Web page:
If you’re asking “what the heck am I looking at?”, here’s a primer. Also, if you know of an article or blog I should be reading, let me know.
Toby Shorin - After Authenticity
Has it occurred to you that nobody talks about sellouts anymore?
Recently on my commute I passed someone wearing an Obey shirt. I was reminded of friends and internet commenters on forums I once frequented who used to gripe about Shepard Fairey leveraging his success as a street artist to create the skate clothing line. Their complaints always came down to “authenticity,” something Fairey ostensibly surrendered when he turned his classic Andre the Giant image into a saleable commodity.
But I haven’t heard about anyone selling out in a long while. Sometime between 2008 and 2018, capitalizing on your success as an artist to build a skate brand went from being reprehensible to being the thing that everyone is doing.
Whew, so this is a long read for sure, but I think it’s worth reading. As someone who “came of age” in the recession era, a lot of it hits home.
This paragraph was particularly good:
Venkat once told me that writing anything over 3000 words forces you to contend with your personal demons. I can confirm this to be true. This event kicked off a long period of reflection and embattlement with the fact that my own ethics—even my own sense of self—were based on authenticity. At the time, I was trying to change my unhealthy relationship to work. For years my anxieties around work had centered on far-flung future goals—a sort of personal teleology about what I was supposed to achieve and the type of person I was supposed to become. It struck me then that there is a deep entitlement to the idea of an authentic self.
Rob Horning - Mass Authentic
In managing our ambivalence with authenticity, we commit ourselves to the process of endlessly managing our personal brand, valorizing authentic goods, performing emotional labor, circulating tokens of “realness,” building out quasi-professional networks, generating new circuits of value. Self-realization becomes alienated at its core, as personal creativity becomes indistinguishable from an ongoing job interview. This is why Frédéric Lordon suggests that the artist — “the very emblem of free will and the unreserved commitment of the self” — has become the “avatar” of the ideal employee in neoliberal society.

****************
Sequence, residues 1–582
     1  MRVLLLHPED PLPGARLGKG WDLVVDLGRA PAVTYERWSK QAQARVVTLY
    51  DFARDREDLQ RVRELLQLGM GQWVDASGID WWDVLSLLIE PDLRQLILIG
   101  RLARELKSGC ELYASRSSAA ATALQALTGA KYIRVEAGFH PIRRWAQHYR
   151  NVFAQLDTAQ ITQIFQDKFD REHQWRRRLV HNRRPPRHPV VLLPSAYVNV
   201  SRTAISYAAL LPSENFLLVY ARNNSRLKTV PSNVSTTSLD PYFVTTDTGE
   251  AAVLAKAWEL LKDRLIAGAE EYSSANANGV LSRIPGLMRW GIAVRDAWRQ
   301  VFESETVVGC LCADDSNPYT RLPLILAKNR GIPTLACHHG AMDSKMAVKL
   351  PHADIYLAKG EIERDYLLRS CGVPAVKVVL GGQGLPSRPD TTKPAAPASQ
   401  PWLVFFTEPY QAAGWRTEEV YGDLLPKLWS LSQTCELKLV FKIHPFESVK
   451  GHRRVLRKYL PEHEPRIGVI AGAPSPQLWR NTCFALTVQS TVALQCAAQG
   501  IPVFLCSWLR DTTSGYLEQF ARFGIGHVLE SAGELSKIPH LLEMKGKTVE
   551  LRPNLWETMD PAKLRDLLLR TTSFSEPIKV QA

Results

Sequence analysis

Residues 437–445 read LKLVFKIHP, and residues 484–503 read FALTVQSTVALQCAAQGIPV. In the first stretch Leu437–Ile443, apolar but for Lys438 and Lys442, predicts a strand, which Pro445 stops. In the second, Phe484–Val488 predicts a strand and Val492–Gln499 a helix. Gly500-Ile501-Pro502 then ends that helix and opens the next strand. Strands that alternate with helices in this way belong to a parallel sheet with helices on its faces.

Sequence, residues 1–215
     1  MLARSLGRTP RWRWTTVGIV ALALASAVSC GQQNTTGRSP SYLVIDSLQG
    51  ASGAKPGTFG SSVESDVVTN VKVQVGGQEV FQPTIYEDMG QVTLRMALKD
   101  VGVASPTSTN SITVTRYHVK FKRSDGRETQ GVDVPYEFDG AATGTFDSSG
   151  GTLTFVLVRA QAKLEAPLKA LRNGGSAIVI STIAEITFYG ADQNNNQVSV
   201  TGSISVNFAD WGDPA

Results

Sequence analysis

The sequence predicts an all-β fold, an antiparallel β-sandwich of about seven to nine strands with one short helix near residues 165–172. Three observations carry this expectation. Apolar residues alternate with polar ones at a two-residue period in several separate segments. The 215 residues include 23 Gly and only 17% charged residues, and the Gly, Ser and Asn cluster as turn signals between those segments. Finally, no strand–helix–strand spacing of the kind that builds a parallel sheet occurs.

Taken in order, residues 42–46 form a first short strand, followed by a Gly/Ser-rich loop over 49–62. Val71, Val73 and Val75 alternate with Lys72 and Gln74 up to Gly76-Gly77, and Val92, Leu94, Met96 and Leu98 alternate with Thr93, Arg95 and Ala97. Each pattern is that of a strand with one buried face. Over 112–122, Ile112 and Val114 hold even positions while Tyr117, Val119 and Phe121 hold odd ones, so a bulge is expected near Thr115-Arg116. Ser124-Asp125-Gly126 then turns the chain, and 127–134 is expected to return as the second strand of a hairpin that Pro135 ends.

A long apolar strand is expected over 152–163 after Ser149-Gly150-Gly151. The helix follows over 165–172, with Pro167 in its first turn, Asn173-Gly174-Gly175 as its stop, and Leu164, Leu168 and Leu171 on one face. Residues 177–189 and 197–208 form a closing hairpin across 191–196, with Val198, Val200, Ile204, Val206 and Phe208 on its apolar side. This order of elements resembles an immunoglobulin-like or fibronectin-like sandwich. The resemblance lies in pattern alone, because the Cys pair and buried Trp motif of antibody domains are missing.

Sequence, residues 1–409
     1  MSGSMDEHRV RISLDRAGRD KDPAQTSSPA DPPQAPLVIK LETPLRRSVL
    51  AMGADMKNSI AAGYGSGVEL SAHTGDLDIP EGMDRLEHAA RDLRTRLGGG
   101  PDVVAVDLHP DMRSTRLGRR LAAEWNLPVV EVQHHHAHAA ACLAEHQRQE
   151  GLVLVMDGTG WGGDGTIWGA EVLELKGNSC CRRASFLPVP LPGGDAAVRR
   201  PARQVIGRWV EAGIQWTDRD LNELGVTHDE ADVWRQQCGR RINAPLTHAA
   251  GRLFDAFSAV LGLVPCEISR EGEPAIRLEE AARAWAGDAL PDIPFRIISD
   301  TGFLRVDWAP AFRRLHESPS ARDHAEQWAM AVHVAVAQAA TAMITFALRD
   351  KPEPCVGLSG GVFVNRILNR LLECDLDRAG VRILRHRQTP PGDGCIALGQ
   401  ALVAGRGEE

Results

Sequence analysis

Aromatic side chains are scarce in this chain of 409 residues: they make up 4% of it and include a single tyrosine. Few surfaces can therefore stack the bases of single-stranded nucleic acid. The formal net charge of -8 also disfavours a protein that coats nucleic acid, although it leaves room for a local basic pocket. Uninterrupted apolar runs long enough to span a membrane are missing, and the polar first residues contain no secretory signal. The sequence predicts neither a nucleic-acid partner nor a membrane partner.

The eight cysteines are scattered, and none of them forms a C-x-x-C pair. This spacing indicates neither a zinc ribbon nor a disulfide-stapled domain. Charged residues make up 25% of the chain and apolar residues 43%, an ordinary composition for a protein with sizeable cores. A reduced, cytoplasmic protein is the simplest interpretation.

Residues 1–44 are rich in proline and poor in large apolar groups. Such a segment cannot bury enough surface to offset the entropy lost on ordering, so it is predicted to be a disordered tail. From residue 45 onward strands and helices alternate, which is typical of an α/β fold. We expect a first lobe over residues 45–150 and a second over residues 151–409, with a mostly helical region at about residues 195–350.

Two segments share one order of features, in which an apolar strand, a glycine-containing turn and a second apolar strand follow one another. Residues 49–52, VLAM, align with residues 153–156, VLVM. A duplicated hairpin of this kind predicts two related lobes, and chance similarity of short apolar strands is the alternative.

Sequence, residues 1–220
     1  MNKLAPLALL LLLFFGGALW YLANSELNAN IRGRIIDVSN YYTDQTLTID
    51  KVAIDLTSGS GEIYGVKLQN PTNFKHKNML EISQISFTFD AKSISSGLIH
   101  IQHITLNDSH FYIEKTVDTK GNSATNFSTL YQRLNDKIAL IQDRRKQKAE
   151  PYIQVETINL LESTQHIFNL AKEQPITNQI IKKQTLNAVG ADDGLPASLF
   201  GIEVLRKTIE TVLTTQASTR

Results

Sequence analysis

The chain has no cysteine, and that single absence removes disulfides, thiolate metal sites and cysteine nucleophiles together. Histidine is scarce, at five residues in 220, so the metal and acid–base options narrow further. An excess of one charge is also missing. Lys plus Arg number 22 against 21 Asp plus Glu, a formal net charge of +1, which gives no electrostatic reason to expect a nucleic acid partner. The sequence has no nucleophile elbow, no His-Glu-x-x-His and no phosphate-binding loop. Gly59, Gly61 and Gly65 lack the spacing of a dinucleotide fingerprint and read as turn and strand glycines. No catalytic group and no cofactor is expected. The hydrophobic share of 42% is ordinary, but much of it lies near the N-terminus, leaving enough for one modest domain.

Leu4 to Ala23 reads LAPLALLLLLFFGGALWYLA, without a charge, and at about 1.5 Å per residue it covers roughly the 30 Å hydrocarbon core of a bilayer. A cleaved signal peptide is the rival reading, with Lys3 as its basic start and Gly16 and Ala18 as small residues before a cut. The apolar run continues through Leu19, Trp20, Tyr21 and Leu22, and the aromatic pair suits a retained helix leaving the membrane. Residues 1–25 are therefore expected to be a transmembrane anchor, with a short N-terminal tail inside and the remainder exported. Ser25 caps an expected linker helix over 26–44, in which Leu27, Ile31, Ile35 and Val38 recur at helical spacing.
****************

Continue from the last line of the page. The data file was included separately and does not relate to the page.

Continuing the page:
Neoliberalism’s fusion with authenticity has found its full flowering in social media, where enormous quantities of labor are volunteered and harnessed, and self-presentation is foregrounded as entrepreneurial human capital development. Social media, which specialize in collapsing the generic and the particular, friends and strangers, is at once a perfect space for organizing an intimate public around authenticity and for organizing labor around an ongoing project of self-branding. We manage our ambivalence one social media post at a time, and let the decontextualized response they receive from no one in particular, serve the managerial role of impelling or redirecting our efforts.
I’m clearly trying to crush my sense of self this morning. Slightly unrelated, I had a conversation with one of my friends from high school the other day about cities. We don’t talk a whole lot, but we’re a product of the same culture — he said, “We gotta go see the country really considering a move at the end of the year. I’m tired of cities.” My response was, “Oh wow, so I said the same exact thing to Emily a few days ago. I keep telling her I want to move to Missoula, Montana.”
I’m not saying some sort of mass cultural shift is underway, but I can feel this cultural urge to get away from consumption as a requirement. I think the thinking is that you’re more likely to find your authentic self if you can remove yourself from the monoculture. But what’s going to end up happening is that a bunch of us ex-hipsters (still hipsters?) will just drive up housing prices in Missoula, then get upset when our monoculture dominates the existing culture with plywood coffee shops and back-to-basics barbers.